Re: Dual-Licensing Linux Kernel with GPL V2 and GPL V3

From: Michael Poole
Date: Fri Jun 15 2007 - 10:57:15 EST

Ingo Molnar writes:

> * Michael Poole <mdpoole@xxxxxxxxxxx> wrote:
>> >> I do not suggest that copyright subsists in the signature or in the
>> >> signing key. Whether it does is irrelevant to the signing key
>> >> being part of the source code (when the signature is needed for the
>> >> binary to work properly).
>> >
>> > it is very much relevant. By admitting that the key is not part of
>> > the "work", you have lost all moral basis to claim control over it.
>> I have not admitted any such thing. I have said the key and signature
>> do not have separate copyright protection. Variables named "i" in a
>> file are not protected by copyright, but they are very much part of
>> the source code in that file.
> the problem with your argument is that the definition of what
> constitutes "work" is up to copyright law, _not_ the license writer.

Linux is unquestionably a work protected under copyright law. When I
compile Linux, copyright law still protects the executable form. This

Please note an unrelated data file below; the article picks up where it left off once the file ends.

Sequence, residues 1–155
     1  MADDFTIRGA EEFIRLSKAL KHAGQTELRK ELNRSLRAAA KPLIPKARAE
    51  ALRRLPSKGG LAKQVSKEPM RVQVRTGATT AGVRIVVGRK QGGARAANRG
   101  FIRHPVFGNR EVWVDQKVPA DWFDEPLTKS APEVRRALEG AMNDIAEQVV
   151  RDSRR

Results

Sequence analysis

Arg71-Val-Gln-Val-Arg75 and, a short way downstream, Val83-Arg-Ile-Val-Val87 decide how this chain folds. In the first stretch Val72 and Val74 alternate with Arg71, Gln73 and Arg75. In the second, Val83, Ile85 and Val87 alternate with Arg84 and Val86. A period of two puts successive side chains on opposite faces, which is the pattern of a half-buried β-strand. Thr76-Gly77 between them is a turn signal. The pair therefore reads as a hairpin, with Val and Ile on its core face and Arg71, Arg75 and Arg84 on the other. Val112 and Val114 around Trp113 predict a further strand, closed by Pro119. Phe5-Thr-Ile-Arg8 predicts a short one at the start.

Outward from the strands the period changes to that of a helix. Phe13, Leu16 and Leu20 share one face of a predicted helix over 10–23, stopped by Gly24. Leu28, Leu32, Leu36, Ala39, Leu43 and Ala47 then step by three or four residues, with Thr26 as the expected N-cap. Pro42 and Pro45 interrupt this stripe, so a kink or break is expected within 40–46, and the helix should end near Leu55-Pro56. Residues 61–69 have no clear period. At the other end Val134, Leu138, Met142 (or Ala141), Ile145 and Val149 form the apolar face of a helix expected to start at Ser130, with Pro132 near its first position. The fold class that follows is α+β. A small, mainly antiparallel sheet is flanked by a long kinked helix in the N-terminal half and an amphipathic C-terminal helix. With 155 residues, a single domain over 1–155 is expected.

is not a problem.

> I.e. you cannot just cleverly define "source code" to include something
> unrelated and then pretend that it's all in one work. And that's exactly
> what the GPLv3 does: it creatively defines the hardware's key into the
> 'source code' of the software and then asks for that to be provided
> _not_ because somehow the key derives from the software (it clearly does
> not), but as a "compensation" for the right to redistribute! I.e. it's
> trying to extend its scope to some item that is not part of the
> software. See?

No. The GPL does not care about the hardware's key, as I pointed out
in the part of my email that you cut out. The GPL cares about the key
used to generate an integral part of the executable form of the GPLed
work. The executable does not function properly if it lacks that
part. This is exactly the same way in which the GPL cares about the
programming instructions in other parts of the source code: if you
remove them, the resulting work does something quite different. See?

Michael Poole
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